All-American bakla


Photo of Nicholas Clark

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During elementary school in the 2000s, my grandmother used to babysit me after school. After whipping me up a small snack of pan de sal and peanut butter, we’d sit down to watch some TV. Her choice was usually teleseryes, the Pilipinx version of a soap opera. 

At a young age, I developed an addiction to these shows. Teleseryes offered a glimpse into the Pilipinx culture my family grew up with, something that couldn’t be replicated in my small American town. Trust and believe, I gobbled up the mediocre acting, cliche plotlines and over-the-top characters as if they were french fries. 

Although I learned a lot about the Philippines and even picked up some of the language, what I really took away from these teleseryes was the deep-rooted homophobia within the country.

Unlike some other Asian countries, the Philippines is a majority Christian nation, with much of the population belonging to the Roman Catholic Church. The traditions and beliefs of Catholicism are so important to Pilipinx culture that divorce, abortion and gay marriage are illegal. This religious conservatism permeates all aspects of Pilipinx culture. None of these topics would even be discussed in my family because they were so taboo. My beloved teleseryes weren’t safe either. 

In the teleseryes, there were always a dearth of queer characters. The very few LGBTQ+ characters that appeared were relegated to the secondary cast and usually acted as comedic relief. Not only that, main characters would call the gay one “bakla,” which is the Pilipinx term for gay. The disgusted tone that usually accompanied the word made it seem derogatory. This taught me to equate queerness with inferiority — an identity that could never be fully accepted in Pilipinx culture. 

As I was slowly coming to terms with my sexuality as a child, the lack of good representation in the teleseryes made everything more complicated. Did being gay make me less Filipino? Was being gay and American the antithesis to being Filipino?

This identity crisis only worsened with the U.S. programming I watched. Many American shows in 2009 had visible LGBTQ+ characters because of the relative secularism and open-mindedness in the country.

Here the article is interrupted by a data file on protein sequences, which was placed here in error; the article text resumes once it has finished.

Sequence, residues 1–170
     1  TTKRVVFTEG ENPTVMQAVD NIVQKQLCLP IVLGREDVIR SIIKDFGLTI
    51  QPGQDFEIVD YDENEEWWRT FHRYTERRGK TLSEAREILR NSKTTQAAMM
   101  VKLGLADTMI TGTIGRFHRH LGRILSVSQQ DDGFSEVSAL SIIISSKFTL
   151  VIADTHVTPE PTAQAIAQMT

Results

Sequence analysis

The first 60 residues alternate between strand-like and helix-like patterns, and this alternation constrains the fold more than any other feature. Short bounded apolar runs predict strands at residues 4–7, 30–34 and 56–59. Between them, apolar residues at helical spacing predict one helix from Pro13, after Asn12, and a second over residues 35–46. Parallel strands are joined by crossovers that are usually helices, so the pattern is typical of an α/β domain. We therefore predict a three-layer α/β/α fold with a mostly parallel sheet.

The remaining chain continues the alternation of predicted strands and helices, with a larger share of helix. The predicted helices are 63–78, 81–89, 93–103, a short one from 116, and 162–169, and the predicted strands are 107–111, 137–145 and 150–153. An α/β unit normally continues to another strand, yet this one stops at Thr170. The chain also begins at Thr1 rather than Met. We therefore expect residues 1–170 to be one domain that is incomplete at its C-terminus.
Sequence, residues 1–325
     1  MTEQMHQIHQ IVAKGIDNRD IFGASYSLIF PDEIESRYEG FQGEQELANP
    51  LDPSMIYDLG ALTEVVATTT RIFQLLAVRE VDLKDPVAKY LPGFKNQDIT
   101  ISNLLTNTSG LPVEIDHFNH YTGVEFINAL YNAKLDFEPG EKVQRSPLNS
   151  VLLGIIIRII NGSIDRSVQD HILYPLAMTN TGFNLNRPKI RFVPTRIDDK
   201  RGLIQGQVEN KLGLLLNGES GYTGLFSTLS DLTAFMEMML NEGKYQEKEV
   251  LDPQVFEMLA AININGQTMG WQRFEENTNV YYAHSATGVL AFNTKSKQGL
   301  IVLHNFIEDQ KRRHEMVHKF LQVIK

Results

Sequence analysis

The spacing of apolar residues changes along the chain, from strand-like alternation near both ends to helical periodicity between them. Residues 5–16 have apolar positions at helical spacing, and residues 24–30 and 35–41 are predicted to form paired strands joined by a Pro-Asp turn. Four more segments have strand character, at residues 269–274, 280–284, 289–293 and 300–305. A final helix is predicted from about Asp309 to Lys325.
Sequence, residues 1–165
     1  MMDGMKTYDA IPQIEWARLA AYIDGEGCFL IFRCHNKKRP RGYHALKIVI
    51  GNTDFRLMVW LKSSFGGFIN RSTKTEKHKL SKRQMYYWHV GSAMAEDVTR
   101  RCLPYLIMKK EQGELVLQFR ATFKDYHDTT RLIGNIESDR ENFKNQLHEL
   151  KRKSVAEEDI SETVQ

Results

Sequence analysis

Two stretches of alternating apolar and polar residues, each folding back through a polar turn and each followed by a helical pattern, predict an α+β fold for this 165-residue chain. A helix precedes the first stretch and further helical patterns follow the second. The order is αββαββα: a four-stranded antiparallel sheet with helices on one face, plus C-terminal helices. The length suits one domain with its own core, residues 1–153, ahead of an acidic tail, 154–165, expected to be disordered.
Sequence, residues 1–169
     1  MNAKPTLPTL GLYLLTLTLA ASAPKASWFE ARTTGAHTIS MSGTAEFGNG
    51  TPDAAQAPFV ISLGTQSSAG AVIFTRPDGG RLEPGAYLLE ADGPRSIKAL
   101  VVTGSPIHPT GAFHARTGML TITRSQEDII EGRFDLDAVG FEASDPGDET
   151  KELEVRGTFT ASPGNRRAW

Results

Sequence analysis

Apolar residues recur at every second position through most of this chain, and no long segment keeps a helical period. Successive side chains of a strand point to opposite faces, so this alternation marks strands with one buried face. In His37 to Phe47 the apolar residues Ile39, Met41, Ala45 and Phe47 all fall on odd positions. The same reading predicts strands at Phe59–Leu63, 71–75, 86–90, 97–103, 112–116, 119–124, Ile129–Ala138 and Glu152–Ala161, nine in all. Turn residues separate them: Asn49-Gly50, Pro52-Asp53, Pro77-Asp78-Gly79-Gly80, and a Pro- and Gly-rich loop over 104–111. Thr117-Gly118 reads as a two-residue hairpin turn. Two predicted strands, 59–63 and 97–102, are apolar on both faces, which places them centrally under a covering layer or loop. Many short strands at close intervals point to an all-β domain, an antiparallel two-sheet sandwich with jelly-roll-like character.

“Glee” was the show that captured all my preteen attention, and the character that stood out to me the most on “Glee” was Kurt Hummel, one of the gay main characters of the show. He wasn’t there to be anyone’s gay best friend, as he actually had a storyline and was a complex character. But he was best known for being unapologetically gay: He wore all of the designer brands, listened to female pop stars and kept a well-groomed appearance. Although there were many students bullying him, Hummel never changed how he expressed himself, showing his perseverance in the face of homophobia.

Hummel was one of the earliest positive portrayals of a queer character I encountered. His character proved that LGBTQ+ people were not just accessories, but they were worthy of having the spotlight. If Hummel can be unabashedly gay, then so can I. It wasn’t something to feel ashamed of, unlike what I saw in Pilipinx media.

Over time, the teleseryes and American shows created two warring factions within me. It was like “Game of Thrones” without the incest and dragons. Should I be the straight Filipino that my culture demanded or the star-spangled, gay American? Through this internal mayhem, the answer was right in front of me: watching more television. 

Several years later, after all my teleseryes were finished, I kept the television on, expecting to see the Pilipinx evening news. But something fruitier came. It was Vice Ganda, one of the country’s biggest gay stars, hosting his own show on one of the biggest Pilipinx television networks. This was like finding the Easter Bunny at a bar with the tooth fairy and Santa Claus.

The thing about Ganda is that he is super gay. Just like Hummel, Ganda is unashamed of his queerness, frequently expressing it through his appearance. Lace front wigs, dresses, colorful makeup — you name it, Ganda has probably worn it. He had a relatively huge platform in a religiously conservative nation, showing some progress for queer representation in the country.

Although I didn’t fully appreciate seeing Ganda’s talk show in my youth, I do now. Without his contributions to Pilipinx media, there wouldn’t be the abundance of Pilipinx LGBTQ+ movies and television shows there are today. 

I didn’t fully come to terms with being gay until 2015, but Ganda and Hummel’s presences normalized queerness for me. From Hummel, I saw how important it was to stay true to yourself, despite pressures to change, and from Ganda, I learned it was possible to be both gay and Filipino.

While the Philippines is still not fully accepting of the LGBTQ+ community, my Filipino-ness is something that could never be taken away. I am a Filipino-American, with a sprinkling of bakla.

Nicholas Clark writes the Monday column on LGBTQ+ issues in media and politics. Contact him at [email protected]